Roseville/Placer News

Anti-Trump protest draws small crowd near Roseville Galleria

Anti-Trump protesters gather at Roseville Parkway and Galleria Boulevard in Roseville on Sunday, Nov. 27, 2016.
Anti-Trump protesters gather at Roseville Parkway and Galleria Boulevard in Roseville on Sunday, Nov. 27, 2016. egarrison@sacbee.com

After weeks of fervent protests across the country in the wake of Donald Trump’s presidential election, a small group of protesters in Roseville on Sunday tried with minimal success to distract shoppers on their way to the Galleria.

As hundreds of cars streamed through the intersection of Roseville Parkway and Galleria Boulevard on their way to Thanksgiving weekend sales, about 10 people waved signs reading “Trump: the face of racism” and “Fight white supremacy.”

Republicans outnumber Democrats in Placer County nearly 2-1, according to the Placer County Elections Office.

“Honestly, I didn’t plan on having a large turnout,” organizer Jamier Sale said. “It’s about the people driving by, honking. And it’s about people seeing that there’s people who don’t support Trump in Roseville.”

Sale, 25, said he grew up in Roseville and grew accustomed to racism in school. As one of just a few students of color, he felt marginalized in the city. He said gathering at the corner near the Galleria, where all the shoppers would see the protest, was intended to show anyone feeling ostracized in Roseville that there are like-minded people out there.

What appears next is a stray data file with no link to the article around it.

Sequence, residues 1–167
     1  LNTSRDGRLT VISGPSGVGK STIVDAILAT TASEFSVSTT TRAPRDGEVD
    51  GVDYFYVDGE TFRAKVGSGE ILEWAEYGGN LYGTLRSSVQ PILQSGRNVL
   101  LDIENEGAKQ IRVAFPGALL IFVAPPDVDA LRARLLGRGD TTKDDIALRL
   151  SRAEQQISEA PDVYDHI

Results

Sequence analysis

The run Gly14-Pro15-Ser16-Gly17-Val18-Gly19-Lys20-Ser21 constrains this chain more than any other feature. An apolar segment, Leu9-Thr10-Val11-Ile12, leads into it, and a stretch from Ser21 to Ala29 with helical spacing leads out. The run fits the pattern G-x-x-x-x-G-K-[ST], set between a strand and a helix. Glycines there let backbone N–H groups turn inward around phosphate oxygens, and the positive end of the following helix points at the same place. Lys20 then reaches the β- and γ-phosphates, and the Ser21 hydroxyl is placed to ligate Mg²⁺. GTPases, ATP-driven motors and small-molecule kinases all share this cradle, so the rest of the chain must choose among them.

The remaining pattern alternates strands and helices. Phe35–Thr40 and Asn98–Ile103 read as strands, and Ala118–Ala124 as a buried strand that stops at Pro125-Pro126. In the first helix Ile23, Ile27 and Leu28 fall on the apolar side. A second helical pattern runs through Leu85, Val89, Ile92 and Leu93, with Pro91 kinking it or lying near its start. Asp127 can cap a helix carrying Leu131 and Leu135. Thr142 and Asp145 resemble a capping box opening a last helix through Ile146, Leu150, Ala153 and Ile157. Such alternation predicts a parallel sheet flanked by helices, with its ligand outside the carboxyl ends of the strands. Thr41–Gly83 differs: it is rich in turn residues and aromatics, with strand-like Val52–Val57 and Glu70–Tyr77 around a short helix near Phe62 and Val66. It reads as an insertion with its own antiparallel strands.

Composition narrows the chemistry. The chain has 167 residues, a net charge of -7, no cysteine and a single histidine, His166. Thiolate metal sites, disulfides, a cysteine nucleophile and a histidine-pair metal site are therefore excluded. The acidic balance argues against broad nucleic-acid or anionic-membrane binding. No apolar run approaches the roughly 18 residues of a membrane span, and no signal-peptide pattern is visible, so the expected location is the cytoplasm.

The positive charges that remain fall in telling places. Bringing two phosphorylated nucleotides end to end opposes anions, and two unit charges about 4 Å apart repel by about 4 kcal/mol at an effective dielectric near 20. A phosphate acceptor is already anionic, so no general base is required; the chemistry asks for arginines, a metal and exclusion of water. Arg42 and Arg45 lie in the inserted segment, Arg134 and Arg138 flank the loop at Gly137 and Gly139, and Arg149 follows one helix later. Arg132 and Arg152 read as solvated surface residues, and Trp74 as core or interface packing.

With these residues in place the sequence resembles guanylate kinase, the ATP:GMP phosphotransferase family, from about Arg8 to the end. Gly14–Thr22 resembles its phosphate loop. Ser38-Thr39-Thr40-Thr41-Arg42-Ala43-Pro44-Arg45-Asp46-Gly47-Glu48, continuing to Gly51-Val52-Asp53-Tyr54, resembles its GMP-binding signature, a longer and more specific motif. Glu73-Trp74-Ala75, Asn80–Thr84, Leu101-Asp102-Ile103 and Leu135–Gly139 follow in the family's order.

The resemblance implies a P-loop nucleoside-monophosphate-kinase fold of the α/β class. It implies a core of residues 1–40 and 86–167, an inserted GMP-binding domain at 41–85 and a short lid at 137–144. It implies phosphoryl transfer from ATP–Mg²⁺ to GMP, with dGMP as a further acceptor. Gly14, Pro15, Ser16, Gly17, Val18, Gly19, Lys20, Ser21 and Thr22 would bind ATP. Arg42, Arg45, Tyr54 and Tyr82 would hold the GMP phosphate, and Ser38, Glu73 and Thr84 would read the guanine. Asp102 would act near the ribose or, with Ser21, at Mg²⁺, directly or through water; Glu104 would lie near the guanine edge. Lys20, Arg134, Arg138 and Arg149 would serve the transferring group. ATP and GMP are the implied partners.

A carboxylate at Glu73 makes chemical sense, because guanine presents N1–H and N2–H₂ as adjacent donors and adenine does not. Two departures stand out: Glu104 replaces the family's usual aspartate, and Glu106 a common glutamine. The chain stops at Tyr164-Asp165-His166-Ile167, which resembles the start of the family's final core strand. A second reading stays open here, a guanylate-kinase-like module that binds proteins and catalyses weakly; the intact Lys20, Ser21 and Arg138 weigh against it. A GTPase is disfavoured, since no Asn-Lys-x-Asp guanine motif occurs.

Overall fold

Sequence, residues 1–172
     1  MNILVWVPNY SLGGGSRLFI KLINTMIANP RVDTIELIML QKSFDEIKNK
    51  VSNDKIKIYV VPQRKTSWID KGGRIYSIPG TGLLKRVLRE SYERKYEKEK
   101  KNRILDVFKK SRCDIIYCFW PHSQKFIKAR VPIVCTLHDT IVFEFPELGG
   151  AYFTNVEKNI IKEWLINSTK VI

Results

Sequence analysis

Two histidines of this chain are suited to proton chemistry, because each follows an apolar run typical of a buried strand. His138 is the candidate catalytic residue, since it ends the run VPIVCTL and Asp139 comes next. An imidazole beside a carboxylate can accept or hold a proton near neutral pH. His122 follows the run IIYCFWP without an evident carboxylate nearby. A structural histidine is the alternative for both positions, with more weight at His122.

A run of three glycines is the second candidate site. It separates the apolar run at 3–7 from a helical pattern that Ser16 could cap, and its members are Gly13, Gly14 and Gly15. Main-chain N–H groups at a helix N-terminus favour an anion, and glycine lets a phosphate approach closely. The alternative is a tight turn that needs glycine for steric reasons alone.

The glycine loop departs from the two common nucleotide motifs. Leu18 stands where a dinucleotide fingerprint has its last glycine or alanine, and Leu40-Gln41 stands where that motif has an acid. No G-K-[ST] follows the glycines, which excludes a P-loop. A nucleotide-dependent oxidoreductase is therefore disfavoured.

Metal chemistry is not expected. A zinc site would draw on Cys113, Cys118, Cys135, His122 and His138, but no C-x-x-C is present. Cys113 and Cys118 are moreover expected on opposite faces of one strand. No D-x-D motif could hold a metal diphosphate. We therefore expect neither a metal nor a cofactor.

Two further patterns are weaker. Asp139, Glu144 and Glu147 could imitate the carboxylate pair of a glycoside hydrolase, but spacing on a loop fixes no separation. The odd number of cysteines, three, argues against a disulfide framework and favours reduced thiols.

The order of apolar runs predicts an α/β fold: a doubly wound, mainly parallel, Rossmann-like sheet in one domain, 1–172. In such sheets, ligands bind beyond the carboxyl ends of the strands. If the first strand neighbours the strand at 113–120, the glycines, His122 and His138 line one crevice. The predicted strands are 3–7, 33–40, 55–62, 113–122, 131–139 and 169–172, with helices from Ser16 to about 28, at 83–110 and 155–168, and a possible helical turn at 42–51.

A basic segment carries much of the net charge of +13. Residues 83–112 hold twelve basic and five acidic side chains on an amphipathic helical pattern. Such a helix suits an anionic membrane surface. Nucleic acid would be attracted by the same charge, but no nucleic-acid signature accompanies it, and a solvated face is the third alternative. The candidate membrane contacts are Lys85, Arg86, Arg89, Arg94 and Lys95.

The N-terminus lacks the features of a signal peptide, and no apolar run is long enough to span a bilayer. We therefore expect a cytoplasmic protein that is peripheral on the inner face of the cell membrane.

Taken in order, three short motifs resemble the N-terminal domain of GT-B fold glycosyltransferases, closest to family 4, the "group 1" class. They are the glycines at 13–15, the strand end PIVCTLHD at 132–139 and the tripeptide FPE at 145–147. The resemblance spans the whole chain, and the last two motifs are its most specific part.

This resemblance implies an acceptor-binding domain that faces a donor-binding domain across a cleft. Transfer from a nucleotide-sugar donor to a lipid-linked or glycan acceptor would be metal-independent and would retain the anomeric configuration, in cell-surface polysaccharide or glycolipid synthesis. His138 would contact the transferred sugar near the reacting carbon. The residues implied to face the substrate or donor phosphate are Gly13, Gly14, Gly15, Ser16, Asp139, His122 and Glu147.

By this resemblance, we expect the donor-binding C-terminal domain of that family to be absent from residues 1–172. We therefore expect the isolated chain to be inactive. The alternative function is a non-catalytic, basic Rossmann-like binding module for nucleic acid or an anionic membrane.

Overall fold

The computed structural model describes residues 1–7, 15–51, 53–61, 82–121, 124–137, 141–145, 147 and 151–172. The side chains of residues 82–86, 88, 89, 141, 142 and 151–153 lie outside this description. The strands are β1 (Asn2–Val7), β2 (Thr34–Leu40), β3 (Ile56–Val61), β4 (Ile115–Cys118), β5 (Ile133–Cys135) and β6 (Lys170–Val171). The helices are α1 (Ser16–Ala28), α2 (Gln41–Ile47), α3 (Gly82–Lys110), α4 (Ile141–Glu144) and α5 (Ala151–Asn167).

Yeimi Lopez said there were more people honking and giving thumbs up than people yelling hateful things out the window. She and Sale are part of the ANSWER Coalition, a national organization working to stop war and end racism.

Lopez said she first got involved in movements for the rights of undocumented immigrant workers and students. While working with those efforts she realized the power of coalition-building with the Black Lives Matter group, environmental justice activists and LGBTQ rights advocates.

She said she thinks Trump’s election has contributed to a strengthening of bonds between groups seeking different types of social justice “because we have a clear enemy. … More than coming together over a political ideology, which is real, it’s also coming together for safety.”

Ellen Garrison: 916-321-1920, @EllenGarrison

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